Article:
by supporting the legal defense fund, here:
The Skiplagged website works by looking for longer flights that include a stop in a big city en route to another destination. One example might be flying from New York to Lake Tahoe that has a stopover in San Francisco.
If someone wanted to travel to San Francisco they might spend less on the fare by booking the stopover flight and not travelling to Tahoe than they would simply booking a flight to San Francisco from New York. In some cases, the site suggests, travellers can save 40% or more on ticket fares.
The trick only works with one-way flights. Travellers cannot check in any luggage as that would then travel on to the flight's final destination.
Twenty-two-year-old developer Aktarer Zaman, who created the site, told CNNMoney that he had made no profit from Skiplagged. He declined to comment specifically on the case to CNN.
Mr Zaman has launched a fundraising campaign to gather cash to fight the legal battle against United and Orbitz. So far he has raised $10,538 (£6,776) of the $15,000 needed.
In its legal filing, United and Orbitz said the site was "intentionally and maliciously" interfering with the travel firms' business and was making it breach its contracts with its partners.
The documents added that "logistical and public safety concerns" meant using "hidden city" tickets was prohibited and, as a result, using Skiplagged broke these rules.
The two firms are seeking damages of at least $75,000 in revenue they claim they have lost as a result of Skiplagged operating.
Skiplagged's sole purpose has always been to help you become savvy travelers. We have been doing that by exposing pricing inefficiencies for air travel, among other things. Unfortunately, we have been doing too good of a job so United Airlines and Orbitz recently teamed up with a lawsuit to get in the way. Everything Skiplagged has done and continues to do is legal, but the only way to effectively prove this is with lawyers. Please show your support for Skiplagged by donating towards this campaign to help fund our legal team.
to claim that "the entrepreneur’s “unfair” website promotes “strictly prohibited” travel" raises many interesting questions... what can it mean by "UNFAIR"... what is "STRICTLY PROHIBITED TRAVEL"... prohibited by whom ???
Man sued for sharing cheap flight loophole
United Airlines is taking legal action against a 22-year-old traveller who uncovered a novel way to find cheaper flights and shared it online
By Oliver Smith
Aktarer Zaman founded the website Skiplagged.com in 2013. It helps travellers book flights using what it calls “hidden city ticketing”. The idea is that travellers wanting to fly from Dallas to Los Angeles, for example, are instructed to book a flight to an alternative destination, say San Francisco, with a stopover in Los Angeles. They then don’t bother to take the last leg of their journey.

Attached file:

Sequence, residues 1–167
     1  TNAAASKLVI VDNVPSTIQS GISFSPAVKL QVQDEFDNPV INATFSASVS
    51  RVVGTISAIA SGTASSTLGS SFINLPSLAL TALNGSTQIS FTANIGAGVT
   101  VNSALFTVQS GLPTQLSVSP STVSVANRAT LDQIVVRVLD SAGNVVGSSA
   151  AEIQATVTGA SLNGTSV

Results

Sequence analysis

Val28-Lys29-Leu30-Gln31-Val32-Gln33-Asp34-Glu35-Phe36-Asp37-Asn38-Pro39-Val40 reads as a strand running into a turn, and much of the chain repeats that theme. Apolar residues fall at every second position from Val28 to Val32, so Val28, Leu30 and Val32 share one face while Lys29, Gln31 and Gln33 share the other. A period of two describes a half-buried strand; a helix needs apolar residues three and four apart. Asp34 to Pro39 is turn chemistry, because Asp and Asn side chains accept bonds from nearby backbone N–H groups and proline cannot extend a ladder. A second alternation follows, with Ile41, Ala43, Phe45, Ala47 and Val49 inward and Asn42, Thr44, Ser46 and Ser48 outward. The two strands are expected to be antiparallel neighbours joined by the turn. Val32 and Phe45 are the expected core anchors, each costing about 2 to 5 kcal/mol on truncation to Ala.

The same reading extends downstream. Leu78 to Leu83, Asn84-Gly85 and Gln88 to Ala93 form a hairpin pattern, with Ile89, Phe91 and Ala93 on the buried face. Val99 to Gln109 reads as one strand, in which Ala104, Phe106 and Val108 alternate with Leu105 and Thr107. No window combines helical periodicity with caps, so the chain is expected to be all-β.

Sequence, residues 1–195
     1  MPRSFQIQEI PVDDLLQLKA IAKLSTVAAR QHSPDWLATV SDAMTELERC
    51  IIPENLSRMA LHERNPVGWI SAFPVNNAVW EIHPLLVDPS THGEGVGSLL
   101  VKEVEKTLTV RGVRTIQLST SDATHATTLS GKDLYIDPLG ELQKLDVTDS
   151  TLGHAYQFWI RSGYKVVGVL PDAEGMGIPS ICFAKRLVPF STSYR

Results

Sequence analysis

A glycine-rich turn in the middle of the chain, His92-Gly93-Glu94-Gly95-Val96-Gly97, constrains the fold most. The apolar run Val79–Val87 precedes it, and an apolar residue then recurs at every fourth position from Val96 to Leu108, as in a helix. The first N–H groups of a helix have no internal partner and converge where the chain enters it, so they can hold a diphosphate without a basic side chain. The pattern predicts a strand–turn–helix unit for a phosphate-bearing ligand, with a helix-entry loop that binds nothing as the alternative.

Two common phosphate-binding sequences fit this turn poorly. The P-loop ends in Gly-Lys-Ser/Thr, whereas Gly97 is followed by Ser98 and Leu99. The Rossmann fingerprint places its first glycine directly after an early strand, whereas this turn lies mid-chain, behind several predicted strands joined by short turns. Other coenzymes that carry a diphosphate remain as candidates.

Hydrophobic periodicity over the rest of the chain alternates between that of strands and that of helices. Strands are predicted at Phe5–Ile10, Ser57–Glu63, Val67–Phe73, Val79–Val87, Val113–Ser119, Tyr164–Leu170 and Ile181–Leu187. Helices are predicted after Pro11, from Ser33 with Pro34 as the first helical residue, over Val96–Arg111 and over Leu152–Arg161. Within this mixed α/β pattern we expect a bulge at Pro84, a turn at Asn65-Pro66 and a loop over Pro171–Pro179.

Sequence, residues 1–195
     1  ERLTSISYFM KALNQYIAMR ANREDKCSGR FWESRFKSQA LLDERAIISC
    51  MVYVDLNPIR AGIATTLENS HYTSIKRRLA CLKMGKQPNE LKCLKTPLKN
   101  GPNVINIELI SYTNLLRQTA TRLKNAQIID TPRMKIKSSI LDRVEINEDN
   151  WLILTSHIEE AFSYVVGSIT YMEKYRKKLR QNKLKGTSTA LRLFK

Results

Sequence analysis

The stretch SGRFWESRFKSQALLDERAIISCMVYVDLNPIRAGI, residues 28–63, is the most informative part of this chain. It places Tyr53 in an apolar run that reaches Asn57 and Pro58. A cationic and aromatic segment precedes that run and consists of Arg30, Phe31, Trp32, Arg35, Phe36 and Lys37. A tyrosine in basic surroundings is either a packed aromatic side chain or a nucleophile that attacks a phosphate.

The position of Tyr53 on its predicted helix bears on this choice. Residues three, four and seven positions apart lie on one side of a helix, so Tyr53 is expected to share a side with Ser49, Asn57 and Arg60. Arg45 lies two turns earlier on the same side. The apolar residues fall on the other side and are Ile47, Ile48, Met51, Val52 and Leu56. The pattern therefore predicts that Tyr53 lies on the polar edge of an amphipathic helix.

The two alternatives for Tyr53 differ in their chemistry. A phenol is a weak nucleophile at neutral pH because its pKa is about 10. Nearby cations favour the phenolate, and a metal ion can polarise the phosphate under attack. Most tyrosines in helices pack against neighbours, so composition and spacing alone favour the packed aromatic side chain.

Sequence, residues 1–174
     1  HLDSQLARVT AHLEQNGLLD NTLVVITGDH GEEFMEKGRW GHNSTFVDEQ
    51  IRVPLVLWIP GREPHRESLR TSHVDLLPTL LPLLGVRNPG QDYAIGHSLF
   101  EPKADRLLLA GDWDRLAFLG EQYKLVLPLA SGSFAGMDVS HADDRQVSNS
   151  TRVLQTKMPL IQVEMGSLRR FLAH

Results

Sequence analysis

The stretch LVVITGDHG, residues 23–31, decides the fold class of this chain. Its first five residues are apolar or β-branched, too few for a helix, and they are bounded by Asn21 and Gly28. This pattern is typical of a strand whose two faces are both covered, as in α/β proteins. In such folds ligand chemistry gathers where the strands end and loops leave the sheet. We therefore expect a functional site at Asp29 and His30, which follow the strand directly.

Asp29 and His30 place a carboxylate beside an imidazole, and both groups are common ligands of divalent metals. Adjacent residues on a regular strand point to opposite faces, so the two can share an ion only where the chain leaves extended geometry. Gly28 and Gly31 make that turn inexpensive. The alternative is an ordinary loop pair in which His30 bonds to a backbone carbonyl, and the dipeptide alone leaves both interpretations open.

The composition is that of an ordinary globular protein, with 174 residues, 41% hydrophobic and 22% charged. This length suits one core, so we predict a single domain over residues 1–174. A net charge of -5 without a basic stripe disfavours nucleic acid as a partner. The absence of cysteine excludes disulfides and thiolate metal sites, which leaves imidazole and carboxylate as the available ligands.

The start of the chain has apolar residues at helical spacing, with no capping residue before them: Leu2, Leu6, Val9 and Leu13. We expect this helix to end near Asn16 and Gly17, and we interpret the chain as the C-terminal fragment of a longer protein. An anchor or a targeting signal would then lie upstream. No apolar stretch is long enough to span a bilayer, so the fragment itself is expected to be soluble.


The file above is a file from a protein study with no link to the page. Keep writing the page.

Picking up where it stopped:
While it is not always the cheapest way to travel, Mr Zaman discovered that in many instances, it is. Airlines will often offer cut-price fares to attract fliers to regional airports – but they sometimes route these flights through major hubs.
The strategy only works for those booking a one-way flight and travelling with carry-on luggage (hold luggage will automatically be sent to the final destination on the ticket).
But United, and the US-based flight booking website Orbitz, have claimed the entrepreneur’s “unfair” website promotes “strictly prohibited” travel – and is seeking $75,000 in compensation for loss of revenue.
Mr Zaman, a New York resident, insists that he has broken no law and is simply exposing an “inefficiency” in airline prices that has been common knowledge among aviation insiders for years.
"[Hidden city ticketing] has been around for a while, it just hasn't been very accessible to consumers," Mr Zaman told CNN.
Nick Trend, Telegraph Travel's consumer editor, said that such ticketing anomalies can also be found in Europe.
"Despite the simpler ticketing arrangements introduced by no-frills airlines, there are plenty of cases where savings can be made by being creative - especially from airlines which structure their tickets in a more traditional way.
"For example, if you are looking for a cheap single fare on some routes, it can can still be more cost effective to buy a return and not use the second leg. Clever routing can also make you savings on some UK rail fares."